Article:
Property Market in Wuppertal, Germany

About the City:

Wuppertal is a city in North Rhine-Westphalia in the west part of Germany. There’s a population of about 350.000, and the name Wuppertal comes from the river ”Wupper” which flows through the city. Some key characteristics of the town include the suspension railway, ‘’Schwebebahn’’, the university and the Pina Bausch dance theater. The Schwebebahn is one of the defining features in Wuppertal, due to the fact that the train is actually upside-down.

Areas in Wuppertal, Germany

As in all other countries, the market in Wuppertal is divided into rental properties and properties to buy. Wuppertal is also divided into 6 different sectors, which have a strong influence on rental and purchase prices. Barmen, Elberfeld, Vohwinkel, Cronenberg, Ronsdorf and Beyenburg all have different prices for various types of properties. 

Prices for renting and buying

The cheapest area to buy and rent in Wuppertal is Elberfeld and the highest prices are found in Cronenberg. The prices generally start at 6.01 EUR/m² and goes up to 8.36 EUR/m².

For buying a house in Wuppertal, expect to pay 2.442,05 EUR/m² at …

Read More

Ireland: Dealing With Crisis

In previous articles, I’ve discussed the ever increasing population of unemployed and homeless people in Ireland, as well as the rising housing prices. At times the two may go hand-in-hand. Higher cost of living could lead to homelessness, and so on. Within the last 12 years, the homeless population has tripled and the cost of living in Ireland has risen to 102% higher than the EU average. These two issues have rooted themselves all throughout Ireland, with no signs of being deweeded. While looking at the issues from an outside perspective may leave you believing nothing is happening to solve these circumstances, the government does have some plans in place to combat said issues. 

The Irish Council for Social Housing (ICSH) is one of the largest contributors to the development of various social housing services. One of their main goals is to “deliver housing and combat homelessness”. The ICSH has already proposed their plan and budget for next year. With funding from the Department of Housing, Planning and Local Government, the ICSH has “an overall package of €2.6 billion to …

Read More

Mm Capital propose building university dorm copycat in Dublin 1

With housing options becoming more and more difficult to secure for an affordable price in Dublin, many people wonder when the ever-expanding city will reach maximum capacity. With the thought of growth being stagnated by the availability of homes or apartments at a reasonable price point on the brain, Mm Capital began looking for answers. 

In partnership with international shared residential operator SQRE Living, Mm Capital composed and submitted a building proposal that would allow them to build a 132-bed co-living development on a 5000 square meter plot. This residential building would be located at 39-42 Hill Street in Dublin 1.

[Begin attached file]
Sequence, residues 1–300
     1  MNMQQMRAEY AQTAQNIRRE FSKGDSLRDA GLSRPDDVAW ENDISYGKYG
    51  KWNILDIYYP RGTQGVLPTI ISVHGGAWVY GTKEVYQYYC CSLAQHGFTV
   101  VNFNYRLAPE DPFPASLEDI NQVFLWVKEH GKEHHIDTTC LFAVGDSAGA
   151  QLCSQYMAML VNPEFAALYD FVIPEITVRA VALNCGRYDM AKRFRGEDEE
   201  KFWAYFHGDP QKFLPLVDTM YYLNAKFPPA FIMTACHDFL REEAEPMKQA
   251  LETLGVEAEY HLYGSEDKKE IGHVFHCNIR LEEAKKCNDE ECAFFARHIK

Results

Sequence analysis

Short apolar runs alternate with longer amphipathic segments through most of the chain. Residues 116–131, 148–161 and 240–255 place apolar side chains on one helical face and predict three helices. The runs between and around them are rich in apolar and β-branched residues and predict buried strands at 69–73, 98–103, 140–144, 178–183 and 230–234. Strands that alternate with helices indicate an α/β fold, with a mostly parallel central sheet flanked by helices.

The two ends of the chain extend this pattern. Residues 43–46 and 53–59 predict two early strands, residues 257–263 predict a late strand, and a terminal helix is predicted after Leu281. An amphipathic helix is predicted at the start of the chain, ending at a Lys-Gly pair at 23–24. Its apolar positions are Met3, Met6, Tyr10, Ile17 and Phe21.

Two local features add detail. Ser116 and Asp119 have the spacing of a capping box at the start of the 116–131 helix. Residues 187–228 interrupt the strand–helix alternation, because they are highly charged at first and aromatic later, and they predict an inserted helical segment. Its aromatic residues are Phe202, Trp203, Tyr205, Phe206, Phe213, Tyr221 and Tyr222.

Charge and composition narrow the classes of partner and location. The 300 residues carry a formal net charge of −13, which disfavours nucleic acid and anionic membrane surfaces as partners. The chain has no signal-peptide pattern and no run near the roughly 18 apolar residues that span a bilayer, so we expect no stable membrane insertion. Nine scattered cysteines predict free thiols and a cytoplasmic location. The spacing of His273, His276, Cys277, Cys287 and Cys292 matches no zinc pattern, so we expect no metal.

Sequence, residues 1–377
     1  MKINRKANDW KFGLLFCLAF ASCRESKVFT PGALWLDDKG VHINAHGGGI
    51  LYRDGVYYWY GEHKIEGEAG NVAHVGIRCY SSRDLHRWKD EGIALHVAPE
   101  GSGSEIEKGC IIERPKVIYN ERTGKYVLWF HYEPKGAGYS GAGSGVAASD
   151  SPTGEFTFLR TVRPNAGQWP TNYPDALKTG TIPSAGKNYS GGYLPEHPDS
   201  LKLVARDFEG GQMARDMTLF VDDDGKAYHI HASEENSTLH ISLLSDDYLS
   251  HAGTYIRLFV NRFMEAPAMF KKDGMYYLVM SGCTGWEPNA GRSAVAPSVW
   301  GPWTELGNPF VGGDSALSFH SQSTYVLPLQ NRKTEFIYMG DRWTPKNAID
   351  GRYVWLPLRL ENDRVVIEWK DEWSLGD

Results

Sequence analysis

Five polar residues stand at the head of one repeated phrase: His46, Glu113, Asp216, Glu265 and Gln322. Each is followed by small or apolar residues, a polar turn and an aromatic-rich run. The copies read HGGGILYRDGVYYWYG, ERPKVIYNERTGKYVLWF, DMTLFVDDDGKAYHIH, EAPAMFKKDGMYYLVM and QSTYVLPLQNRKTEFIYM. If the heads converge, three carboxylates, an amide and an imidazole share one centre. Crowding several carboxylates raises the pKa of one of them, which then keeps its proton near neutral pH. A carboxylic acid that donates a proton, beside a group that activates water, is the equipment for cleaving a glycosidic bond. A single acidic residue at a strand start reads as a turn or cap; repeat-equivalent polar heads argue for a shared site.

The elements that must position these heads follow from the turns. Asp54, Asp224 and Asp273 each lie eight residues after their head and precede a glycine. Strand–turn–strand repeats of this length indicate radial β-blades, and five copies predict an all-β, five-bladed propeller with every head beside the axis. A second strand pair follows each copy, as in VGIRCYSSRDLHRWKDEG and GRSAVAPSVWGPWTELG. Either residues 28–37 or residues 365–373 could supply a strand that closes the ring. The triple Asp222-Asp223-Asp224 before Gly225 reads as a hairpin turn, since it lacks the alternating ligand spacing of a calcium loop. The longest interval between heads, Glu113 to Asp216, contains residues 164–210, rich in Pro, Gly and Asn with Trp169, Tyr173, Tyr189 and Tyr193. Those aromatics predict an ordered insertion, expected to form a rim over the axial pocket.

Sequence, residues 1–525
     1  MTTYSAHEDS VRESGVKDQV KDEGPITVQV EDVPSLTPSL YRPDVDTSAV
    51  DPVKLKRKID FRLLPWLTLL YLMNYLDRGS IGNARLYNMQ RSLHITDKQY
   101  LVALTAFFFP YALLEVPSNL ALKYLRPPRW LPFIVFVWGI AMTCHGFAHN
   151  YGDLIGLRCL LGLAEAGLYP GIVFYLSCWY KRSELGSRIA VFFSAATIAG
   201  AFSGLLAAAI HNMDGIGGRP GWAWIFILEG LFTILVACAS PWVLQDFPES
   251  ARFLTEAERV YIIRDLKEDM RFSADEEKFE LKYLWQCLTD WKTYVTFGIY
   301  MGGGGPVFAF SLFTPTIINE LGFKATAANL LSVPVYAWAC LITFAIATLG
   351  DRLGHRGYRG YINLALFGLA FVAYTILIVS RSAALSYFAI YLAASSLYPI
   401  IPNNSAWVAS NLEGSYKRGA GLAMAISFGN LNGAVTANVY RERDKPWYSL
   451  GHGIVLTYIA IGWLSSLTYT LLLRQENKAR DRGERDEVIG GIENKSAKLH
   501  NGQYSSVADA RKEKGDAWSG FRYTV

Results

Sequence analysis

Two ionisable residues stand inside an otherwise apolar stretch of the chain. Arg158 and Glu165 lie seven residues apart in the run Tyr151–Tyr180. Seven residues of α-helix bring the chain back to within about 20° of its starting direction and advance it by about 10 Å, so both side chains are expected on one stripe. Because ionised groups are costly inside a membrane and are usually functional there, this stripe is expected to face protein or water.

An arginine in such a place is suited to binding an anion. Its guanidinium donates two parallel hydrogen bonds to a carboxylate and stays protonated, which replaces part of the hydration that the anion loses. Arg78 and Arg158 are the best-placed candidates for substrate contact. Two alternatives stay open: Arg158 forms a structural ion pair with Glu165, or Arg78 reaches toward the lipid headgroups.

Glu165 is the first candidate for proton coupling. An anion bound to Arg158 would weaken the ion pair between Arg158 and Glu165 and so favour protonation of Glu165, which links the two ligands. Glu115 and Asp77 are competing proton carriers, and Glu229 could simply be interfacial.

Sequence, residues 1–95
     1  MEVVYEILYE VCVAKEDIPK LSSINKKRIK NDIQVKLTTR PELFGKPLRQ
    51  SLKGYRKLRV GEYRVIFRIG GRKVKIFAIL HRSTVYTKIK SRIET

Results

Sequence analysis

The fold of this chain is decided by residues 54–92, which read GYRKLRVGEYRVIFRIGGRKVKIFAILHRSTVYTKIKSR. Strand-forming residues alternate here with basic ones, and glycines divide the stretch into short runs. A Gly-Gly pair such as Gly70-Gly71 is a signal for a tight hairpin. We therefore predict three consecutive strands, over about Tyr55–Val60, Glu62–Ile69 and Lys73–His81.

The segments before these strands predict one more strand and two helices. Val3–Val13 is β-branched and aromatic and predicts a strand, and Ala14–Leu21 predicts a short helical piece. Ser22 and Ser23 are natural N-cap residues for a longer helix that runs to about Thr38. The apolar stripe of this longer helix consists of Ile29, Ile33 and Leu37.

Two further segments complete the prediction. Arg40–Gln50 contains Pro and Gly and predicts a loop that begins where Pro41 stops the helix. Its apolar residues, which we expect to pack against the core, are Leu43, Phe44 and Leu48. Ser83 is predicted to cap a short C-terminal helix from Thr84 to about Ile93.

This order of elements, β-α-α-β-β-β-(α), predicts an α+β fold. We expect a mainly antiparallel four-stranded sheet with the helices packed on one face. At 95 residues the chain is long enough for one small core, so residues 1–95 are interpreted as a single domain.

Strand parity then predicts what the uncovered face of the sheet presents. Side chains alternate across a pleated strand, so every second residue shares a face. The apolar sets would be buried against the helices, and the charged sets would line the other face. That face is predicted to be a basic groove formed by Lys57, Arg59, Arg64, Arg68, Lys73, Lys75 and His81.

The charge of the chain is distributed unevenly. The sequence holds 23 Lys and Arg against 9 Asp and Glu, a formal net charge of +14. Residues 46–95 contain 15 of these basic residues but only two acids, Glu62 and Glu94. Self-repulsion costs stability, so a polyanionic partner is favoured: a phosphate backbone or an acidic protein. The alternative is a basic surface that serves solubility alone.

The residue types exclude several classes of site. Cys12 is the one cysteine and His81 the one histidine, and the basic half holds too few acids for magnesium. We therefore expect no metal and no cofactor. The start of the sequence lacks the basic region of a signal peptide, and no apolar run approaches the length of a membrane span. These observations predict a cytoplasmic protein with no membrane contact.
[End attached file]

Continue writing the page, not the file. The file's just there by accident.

Although this sounds to be an outrageous propositions, students all across Europe and the United States live in these type of conditions for 2-4 years of their lives while attending university. Many of the dorms strewn across campuses can house hundreds of students easily and effectively. 

This real estate investment and development firm has also mentioned many different styles of living that would be available. Around 75pc of the 132 rooms would be 19 square meters, while the other …

Read More

New rent laws

Holiday homeowners must now have planning permission to rent out their property to tourists or stays ip to two weeks. This new rule are in effect as the start of July, 2019. The new rental law only applies to properties in a rent-pressure zone (RPZ). An RPZ is a zone where rent is typically above the national average.

This summer could mark the last summer that holiday home owners in the RPZs will be able to rent out their properties to tourists. Property owners will be breaking the rules if they continue to rent their homes out to tourists unless they are granted the planning permission to do so. Failing to get planning permission for renting to tourist can result in fines up to  €5,000 or six months of imprisonment – or both.

Homes that are not effected by the rental restrictions can be defined as homes which were purposely designed, constructed and approved to be dedicated to tourism accommodation.

According to Jacinta Doolan, the founder of Trident Holiday Homes, about 80% of holiday homes throughout Ireland do not have planning …

Read More

Inflation Rates Return to Normal

 

The current housing prices in Dublin have been talked about extensively recently. The newest trend shows that housing prices have reached peak affordability and now some of the wealthy classes of people are having trouble affording homes. Current house prices in Dublin are more than nine times the average salary making them unattainable for the majority of people because mortgages can only be 3.5 times your salary. Additionally, these numbers have not been seen since the Celtic Tiger Era, however, the central bank has been more careful this time and increased borrowing rules unlike during the Celtic Tiger Era. Prices are now beginning to slow down because simply nobody is able to afford them.

Inflation has also cooled off recently with a decrease from 12.4% last May to 2.8% a year later. Dublin has seen a significantly smaller inflation rate with an increase of prices from the current year to May of .6%.

The region of Dublin had the highest median price of 366,000 Euros which is just over 9 times more than its average salary of 40,000 Euros. …

Read More

Institutional Investors not to Blame